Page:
Crisis in Sudan is a Lesson for the U.S.

About 2,700 years ago a storytelling slave named Aesop told tales of political, religious, and social themes. They have been popularized for their ethical dimensions and utilized as children’s’ stories for the morals and wisdom they deliver.

In “The Four Oxen and the Lion” Aesop tells of a powerful lion who prowls a field in search of a hearty meal. The four oxen who live there stand tail to tail and offer The Lion horns regardless of the direction of the approach. One day, however, an argument causes the the four oxen to go their separate ways. On their own the oxen do not stand a chance against the lion, who picks them off one by one with great ease.

The moral of the story: united we stand, divided we fall.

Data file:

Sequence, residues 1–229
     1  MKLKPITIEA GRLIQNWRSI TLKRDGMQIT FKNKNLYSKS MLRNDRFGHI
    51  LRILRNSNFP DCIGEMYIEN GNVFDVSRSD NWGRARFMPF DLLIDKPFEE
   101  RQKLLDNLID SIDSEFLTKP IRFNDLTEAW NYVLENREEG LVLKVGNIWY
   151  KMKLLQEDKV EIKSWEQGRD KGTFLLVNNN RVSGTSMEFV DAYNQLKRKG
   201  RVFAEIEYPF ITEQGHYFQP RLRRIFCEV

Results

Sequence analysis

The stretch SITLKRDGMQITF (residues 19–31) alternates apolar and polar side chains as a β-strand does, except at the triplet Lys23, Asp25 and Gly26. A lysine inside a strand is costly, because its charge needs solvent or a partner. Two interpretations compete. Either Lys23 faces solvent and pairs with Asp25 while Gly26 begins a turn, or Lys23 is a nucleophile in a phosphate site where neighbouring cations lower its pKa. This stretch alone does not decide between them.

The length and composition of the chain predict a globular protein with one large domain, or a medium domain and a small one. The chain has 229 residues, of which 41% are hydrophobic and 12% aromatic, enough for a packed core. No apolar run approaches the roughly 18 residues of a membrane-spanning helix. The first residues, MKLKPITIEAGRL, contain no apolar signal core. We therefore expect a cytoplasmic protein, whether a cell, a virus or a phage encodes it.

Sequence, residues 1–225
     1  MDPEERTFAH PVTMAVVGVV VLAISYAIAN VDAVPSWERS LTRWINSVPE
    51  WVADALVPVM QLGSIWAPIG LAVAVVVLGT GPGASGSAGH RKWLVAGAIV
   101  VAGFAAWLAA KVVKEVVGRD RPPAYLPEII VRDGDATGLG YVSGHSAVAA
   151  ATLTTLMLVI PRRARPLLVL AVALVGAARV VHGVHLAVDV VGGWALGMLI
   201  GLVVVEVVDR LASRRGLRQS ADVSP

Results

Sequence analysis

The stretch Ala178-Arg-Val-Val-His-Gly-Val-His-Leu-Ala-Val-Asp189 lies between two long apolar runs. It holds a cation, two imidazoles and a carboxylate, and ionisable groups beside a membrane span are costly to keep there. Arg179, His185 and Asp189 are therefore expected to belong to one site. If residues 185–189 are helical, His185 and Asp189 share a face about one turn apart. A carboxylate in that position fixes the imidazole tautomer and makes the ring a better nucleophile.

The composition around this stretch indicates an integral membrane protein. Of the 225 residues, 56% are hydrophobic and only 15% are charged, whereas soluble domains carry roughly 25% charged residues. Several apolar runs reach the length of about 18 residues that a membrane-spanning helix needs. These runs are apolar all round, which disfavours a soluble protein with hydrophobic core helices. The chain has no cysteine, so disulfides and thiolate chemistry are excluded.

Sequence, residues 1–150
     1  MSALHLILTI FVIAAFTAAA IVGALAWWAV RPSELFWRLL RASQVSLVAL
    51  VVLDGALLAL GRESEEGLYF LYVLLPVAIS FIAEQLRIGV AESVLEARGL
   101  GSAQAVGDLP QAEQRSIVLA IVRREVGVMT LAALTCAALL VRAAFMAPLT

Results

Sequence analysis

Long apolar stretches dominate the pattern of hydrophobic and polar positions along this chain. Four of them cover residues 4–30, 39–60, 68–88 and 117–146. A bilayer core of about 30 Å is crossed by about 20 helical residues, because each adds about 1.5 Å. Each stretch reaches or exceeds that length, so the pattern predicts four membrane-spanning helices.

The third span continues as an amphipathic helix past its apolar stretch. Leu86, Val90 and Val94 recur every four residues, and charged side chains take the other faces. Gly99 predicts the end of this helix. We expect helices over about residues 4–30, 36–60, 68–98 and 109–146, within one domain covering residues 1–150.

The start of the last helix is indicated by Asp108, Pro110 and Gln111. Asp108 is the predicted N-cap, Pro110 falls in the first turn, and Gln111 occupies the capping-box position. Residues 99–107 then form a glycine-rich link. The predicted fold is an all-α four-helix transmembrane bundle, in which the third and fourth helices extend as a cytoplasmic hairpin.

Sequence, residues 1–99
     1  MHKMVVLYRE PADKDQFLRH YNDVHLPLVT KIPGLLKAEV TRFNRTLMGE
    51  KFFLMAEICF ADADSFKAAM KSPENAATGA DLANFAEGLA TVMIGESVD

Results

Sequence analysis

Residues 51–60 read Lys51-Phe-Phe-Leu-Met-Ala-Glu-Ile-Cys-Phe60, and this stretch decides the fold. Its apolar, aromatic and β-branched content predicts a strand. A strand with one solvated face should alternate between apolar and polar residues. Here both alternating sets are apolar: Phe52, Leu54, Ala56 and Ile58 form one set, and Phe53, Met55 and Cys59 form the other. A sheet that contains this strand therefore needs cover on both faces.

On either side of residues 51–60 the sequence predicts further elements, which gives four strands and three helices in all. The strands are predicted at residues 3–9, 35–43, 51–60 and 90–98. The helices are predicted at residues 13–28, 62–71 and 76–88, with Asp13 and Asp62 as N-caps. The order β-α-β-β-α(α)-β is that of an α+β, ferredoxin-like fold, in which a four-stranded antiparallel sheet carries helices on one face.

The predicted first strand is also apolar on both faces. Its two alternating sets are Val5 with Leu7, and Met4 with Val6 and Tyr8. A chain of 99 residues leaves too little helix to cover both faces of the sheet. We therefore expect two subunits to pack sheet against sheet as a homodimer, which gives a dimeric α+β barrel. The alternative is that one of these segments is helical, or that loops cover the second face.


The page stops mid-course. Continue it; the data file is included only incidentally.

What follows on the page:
Issues of collective security are timeless. In the United States collective security was so important that a 3/5ths Compromise (making slaves 3/5ths of a person for purposes of the census and political power), which inflated the power of slave states, a prohibition against the abolition of slavery (Article I Section 9 of the Constitution prevents Congress from banning the importation of slaves before 1808), and the electoral college (Virginia slaveholder James Madison famously admitted that direct vote of the President was the “fittest” but would hurt the South because they had so many nonvoting slaves) in order to create ‘unity.’

Compromise is a strategic effort where parties to a dispute make concessions—give up some of the demand—in order to achieve other goals or meet other needs.

Sudan is currently in headlines because the military has dissolved the alliance between military and civilian groups effectively blocking the power-sharing Sovereign Council and agreed-upon transitional government. To be clear, the transition from the brutality of Omar al-Bashir’s three decades of power, which ended in a 2019 nonviolent grassroots insurrection to democratic civilian rule was on shaky ground because the Sovereign Council was unelected.